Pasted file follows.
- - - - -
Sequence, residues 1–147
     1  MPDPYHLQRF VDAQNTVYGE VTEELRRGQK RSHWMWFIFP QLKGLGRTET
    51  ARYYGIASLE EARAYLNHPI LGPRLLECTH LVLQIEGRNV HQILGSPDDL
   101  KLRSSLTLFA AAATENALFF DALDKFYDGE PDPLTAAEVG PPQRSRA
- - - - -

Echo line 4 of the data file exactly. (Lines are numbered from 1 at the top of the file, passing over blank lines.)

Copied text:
   101  KLRSSLTLFA AAATENALFF DALDKFYDGE PDPLTAAEVG PPQRSRA